“God is our refuge and strength, a very present help in trouble.”
Humanity has a masochistic desire for hysteria, and journalists pounce on it. News commentators love the sensational because the world has an appetite for drama. The news feeds this voracious appetite with headlines along the lines of, “In the history of the world, we have never seen anything like…” or “—— has reached unprecedented proportions.” News outlets love to say, “See this, it is new!” The popular media love to make it look like the trouble the world is presently experiencing—most recently, the coronavirus—is one that is of an unprecedented scale.
Perspective precedes practice, and for the Christian the truth of God shapes our perspective. The Bible reminds us that world history is not new to global upheavals. “That which has been is that which will be, and that which has been done is that which will be done. So there is nothing new under the sun. Is there anything of which one might say, ‘See this, it is new?’” Solomon reminds us (Eccl 1:9-10). Political disturbances from riots and warfare are not new. Natural disruptions from viruses, to illness, famine, drought, fires, and other natural phenomena are not new. Flip through your dusty high school world history textbook in case you need more evidence.
But epidemics are neither equal nor identical in their impact on humanity. There are myriads of viruses and bacteria that exist on our planet, most of which you will only read about in medical literature. A small percentage, because of their degree of impact on the human population, make their way into the history books. The fourteenth-century bubonic plague pandemic is one of them; the fifteenth-century smallpox pandemic is another. Without question, the twenty-first-century coronavirus pandemic—be it because of the number of deaths or the uniform global response of at-home-sheltering—will be added to the list.
And it won’t be the last. Until Christ returns, this world will know no global peace. The COVID-19 pandemic is but another reminder that the cursed world that we live in has an expiration date. Troubles—physical and political alike—will continue to plague society. Christians are not called to live in denial of such troubles; Christians inhabit the same planet as non-Christians and are not spared from the presence of such troubles. But in the presence of difficulty, Christians have a refuge. Psalm 46 reminds us:
- “God is our refuge and strength, a very help in trouble” (v. 1).
- “The LORD of hosts is with us; the God of Jacob is our stronghold” (v. 7, 11).
Christian living is not about freedom from troubles, but properly responding to troubles by finding refuge and strength in God Himself during those times. Christ reminded His disciples, “In this world, you will have tribulation; but take courage; I have overcome the world” (John 16:33). What matters is not who encounters this world’s troubles, but who will find help when these troubles arise. In the face of both global pandemics or political warfare, God extends a protective and provisional presence toward His people that is not extended to the rest of the world. Although trouble is present, the God who is sovereign over all the world’s plights is present and with us.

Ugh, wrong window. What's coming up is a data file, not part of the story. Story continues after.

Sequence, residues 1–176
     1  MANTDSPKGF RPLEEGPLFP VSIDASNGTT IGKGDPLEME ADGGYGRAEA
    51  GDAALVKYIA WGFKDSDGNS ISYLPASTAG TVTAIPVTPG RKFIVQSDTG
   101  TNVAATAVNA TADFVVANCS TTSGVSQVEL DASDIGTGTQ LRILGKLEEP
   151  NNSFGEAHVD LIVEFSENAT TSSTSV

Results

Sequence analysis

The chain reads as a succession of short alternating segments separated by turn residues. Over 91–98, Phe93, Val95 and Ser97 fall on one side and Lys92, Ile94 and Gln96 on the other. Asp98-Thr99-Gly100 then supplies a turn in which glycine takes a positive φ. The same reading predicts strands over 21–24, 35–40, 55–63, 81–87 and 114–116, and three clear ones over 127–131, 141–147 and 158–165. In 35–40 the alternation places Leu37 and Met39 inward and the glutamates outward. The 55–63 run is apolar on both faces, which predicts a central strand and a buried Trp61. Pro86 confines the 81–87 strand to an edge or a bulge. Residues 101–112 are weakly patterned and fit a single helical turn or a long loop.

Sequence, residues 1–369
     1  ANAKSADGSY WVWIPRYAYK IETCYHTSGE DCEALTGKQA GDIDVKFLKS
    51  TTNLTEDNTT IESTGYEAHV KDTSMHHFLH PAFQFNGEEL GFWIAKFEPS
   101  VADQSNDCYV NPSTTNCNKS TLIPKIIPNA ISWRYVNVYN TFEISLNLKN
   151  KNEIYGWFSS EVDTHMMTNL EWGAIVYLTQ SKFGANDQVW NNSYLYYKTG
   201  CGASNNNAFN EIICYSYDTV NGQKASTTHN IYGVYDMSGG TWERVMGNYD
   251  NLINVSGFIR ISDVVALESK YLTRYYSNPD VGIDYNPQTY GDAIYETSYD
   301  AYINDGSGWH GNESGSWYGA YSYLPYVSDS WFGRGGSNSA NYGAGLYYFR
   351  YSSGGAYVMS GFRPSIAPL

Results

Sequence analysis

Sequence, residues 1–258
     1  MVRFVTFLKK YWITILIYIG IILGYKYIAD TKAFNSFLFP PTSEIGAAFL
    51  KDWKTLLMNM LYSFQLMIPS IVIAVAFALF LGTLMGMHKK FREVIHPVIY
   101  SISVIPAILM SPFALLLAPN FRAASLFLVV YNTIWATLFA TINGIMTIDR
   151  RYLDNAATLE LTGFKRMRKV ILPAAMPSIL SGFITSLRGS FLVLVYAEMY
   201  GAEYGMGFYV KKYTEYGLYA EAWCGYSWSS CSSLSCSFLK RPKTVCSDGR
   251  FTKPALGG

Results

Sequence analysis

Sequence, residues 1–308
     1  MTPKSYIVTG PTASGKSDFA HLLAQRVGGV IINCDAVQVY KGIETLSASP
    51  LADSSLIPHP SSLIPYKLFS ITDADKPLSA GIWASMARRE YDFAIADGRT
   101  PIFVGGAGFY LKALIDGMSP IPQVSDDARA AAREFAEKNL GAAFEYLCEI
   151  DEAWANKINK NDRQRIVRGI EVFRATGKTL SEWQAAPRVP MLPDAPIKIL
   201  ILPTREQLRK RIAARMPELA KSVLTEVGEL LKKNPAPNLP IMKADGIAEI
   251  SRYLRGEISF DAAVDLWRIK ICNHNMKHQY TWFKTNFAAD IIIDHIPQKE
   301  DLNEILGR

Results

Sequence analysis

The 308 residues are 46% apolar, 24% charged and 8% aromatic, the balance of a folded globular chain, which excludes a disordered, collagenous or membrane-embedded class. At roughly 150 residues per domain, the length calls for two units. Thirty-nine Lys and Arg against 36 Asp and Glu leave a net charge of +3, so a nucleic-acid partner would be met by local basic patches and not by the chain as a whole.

While the rest of the world faces the threatening sea (Ps 46:2-3), there is a river whose streams make glad the city of God (v.4). While the rest of the world may be experiencing physical and emotional disaster and calamity, God’s people are always recipients of His blessing. These affirmations don’t mean that God’s people won’t get hurt. Physical illnesses, injuries, and death are a part of life on this earth, for Christian and non-Christian. But for believers, God Himself is a refuge for our souls. In Him, our souls can find joy and peace to replace fear and despair in the face of difficulty and trial.
In God our souls can find refuge because His hand alone is sovereign over world history. Whether it’s a political upheaval or a viral pandemic, God remains on the throne and exerts absolute sovereignty over every ounce of disaster that strikes any part of our planet. He has full control over both the outbreak and the cessation of troubles. He’s not up in heaven thinking, “Oh no, I didn’t expect this!” He was in full control of the fourteenth-century black plague pandemic and the fifteenth-century smallpox pandemic. He is in full control of the twenty-first-century COVID-19 outbreak. And in God’s global plan, world history is a servant of redemptive history, as God works all things together for the good of those who love Him and for whom He gave His Son (Romans 8:28-32).
So while the government may have decreed all Californians to be sheltered at home, you and I can rest in the reality that we have been sheltered all along by our great God and Savior!